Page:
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Old September 15th, 2009, 10:59   #1
Join Date: Sep 2007
Location: Manitoba
TDI(s): 2004 Jetta
Default Front end vibration

I have a 2004 Jetta TDI with 5 speed manual and 90,000km (56,000mi). I have owned the car for three years and it had 55,000km (34,000mi) when I bought it. I bought it from a Volkswagen dealer as a lease return. Its still covered under the additional warranty VW tacks on when you buy used from them. The vehicle has had its oil changes at the dealer since I bought it and I haven't had any work done on it other than a recall, I think it was a brake light switch.

I have started noticing a front end vibration along with a bit of a roaring noise, or maybe a drone. It starts at around 40 km/h (25mph) and is most noticable at 80 km/h (50mph) and seems to disappear at 110 km/h (68mph) and doesn't reappear all the way up to 160 km/h (100mph). The noise and vibration is independent of engine speed, the pitch and volume depends on the speed of the car regardless of gear or coasting in neutral. Accelerating, braking or coasting doesn't seem to change anything.

The car drives fine. It tracks straight as an arrow and there is no vibration or wobble in the steering wheel, other than the same general vibration that is also felt through the floorboard.

The car has alloy wheels which get swapped for steel wheel mounted snow tires in the winter. Both sets are rotated front to back (both sets are directional tires) when they get changed. I might put on 12,000 km (7,000mi) a year on the car, so the tires are rotated in half that distance each time.

I've inspected the tires and there doesn't appear to be anything wrong with them. Nonetheless I switched the front tires to the snow tires and the vibration is exactly the same.

I've had the front end in the air and put the car in gear and when the dial shows 80 km/h the vibration is very prominently present, though maybe not as bad as when you're actually driving down the road. With it idling in 5th with the wheels in the air I wasn't able to pinpoint the location of any noise or be able to tell that anything sounded particularly wrong, but there does seem to be a sound associated to the rotating wheels. Should the CV joints be completely silent or do they make some noise? What about the wheel bearings?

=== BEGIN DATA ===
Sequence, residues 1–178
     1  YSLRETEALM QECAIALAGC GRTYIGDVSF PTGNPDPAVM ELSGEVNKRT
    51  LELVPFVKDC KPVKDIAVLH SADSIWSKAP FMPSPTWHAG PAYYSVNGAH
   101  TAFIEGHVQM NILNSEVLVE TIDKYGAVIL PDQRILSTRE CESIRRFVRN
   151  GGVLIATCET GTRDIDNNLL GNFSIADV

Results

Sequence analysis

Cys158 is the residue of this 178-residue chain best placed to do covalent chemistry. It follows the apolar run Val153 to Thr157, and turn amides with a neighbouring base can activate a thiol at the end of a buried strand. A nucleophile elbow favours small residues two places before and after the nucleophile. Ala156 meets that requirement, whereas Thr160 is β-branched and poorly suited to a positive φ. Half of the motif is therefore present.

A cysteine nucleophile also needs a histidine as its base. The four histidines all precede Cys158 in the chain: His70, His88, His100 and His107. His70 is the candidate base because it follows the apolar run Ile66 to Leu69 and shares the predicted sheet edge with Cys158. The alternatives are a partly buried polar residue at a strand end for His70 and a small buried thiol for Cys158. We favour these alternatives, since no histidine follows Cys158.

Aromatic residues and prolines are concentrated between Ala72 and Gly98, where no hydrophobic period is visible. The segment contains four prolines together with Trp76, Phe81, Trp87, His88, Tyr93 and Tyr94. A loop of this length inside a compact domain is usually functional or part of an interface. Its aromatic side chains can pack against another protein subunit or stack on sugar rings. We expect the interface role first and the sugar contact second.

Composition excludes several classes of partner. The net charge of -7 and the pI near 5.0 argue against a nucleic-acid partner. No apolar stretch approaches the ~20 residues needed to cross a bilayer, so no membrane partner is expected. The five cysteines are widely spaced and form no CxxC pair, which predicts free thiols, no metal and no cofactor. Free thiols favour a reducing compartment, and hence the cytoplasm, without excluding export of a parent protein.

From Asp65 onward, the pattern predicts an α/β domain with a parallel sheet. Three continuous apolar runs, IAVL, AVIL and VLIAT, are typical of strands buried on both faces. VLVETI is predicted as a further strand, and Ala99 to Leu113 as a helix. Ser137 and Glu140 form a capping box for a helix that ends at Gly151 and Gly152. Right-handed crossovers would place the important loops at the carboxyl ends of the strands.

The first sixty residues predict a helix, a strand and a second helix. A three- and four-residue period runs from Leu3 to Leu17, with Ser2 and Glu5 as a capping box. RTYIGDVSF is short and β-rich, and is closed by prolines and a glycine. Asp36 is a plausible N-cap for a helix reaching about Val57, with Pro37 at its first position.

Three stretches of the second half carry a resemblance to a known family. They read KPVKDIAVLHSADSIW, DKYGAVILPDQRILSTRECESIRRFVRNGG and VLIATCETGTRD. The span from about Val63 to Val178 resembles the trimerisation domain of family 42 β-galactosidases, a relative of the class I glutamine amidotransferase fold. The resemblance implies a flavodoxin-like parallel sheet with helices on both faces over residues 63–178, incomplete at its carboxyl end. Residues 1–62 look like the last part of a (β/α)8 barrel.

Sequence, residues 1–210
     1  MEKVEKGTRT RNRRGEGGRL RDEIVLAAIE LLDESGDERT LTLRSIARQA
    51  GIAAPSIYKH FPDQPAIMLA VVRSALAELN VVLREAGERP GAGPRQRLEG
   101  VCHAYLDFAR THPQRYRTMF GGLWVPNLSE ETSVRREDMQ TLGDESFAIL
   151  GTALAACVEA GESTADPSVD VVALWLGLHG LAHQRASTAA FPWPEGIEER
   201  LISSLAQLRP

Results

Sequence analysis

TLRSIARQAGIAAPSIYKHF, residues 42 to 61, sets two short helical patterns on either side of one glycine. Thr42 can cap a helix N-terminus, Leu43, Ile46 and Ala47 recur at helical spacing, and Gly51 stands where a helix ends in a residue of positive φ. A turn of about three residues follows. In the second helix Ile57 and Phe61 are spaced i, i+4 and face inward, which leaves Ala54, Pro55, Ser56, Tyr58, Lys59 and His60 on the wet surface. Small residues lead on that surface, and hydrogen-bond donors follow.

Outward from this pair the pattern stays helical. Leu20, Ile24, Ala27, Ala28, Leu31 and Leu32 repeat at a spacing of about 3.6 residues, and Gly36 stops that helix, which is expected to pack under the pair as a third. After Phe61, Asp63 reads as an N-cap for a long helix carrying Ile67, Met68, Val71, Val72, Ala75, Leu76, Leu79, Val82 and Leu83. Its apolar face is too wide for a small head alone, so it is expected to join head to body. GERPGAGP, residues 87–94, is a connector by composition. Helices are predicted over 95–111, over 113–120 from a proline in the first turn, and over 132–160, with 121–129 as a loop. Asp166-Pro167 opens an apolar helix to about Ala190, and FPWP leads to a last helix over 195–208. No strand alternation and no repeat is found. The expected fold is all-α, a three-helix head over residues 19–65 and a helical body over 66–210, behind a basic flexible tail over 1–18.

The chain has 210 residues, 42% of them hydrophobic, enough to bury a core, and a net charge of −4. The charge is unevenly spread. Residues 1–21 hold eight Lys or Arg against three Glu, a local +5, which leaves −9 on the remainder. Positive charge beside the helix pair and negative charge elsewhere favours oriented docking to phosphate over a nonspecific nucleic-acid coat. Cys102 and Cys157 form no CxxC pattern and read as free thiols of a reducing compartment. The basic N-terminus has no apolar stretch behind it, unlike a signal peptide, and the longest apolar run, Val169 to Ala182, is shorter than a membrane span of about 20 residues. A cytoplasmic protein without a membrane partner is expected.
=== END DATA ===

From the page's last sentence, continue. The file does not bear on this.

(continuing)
I've checked for play in the wheels and attached components and everything seems solid, but I'm no mechanic. When I rotate the wheels by hand there seems to be a slight brake drag on them, but no real noise. However, if I change the direction of the rotation I get one distinct click each time it changes. I'm not sure but I think this may be coming from the are of the driver's side inner CV joint. I've also checked the rotors for unusual heat after a highway drive and there is none. I haven't noticed any change in noise or feel when turning, and haven't noticed any clicking in sharp turns at low speed. I didn't find any cuts in the CV boots and no sign of slingage, everything is pretty clean.

The vibration feels like something that is rotating is out of balance. The sound is pretty smooth and consistent though, not like the whump whump of an out of balance wheel or something.

I believe I've eliminated the tires and wheels, as well as the rear end, as the possible cause since its still there with the car in the air. So, could it be a wheel bearing? CV joints? Something wrong with the axles?

The car is due to go back to the dealership for a glow plug recall and failing coolant temperature sensor which I hope is covered under warranty.

Any suggestions, insight or help is appreciated. Thanks guys.
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Old September 15th, 2009, 11:53   #2
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Join Date: Sep 2004
Location: Chicago

Wheel bearings can be tested in a (preferably empty )parking lot. Make a tight left turning circle and listen for the noise, then make a right turning circle and listen for the noise.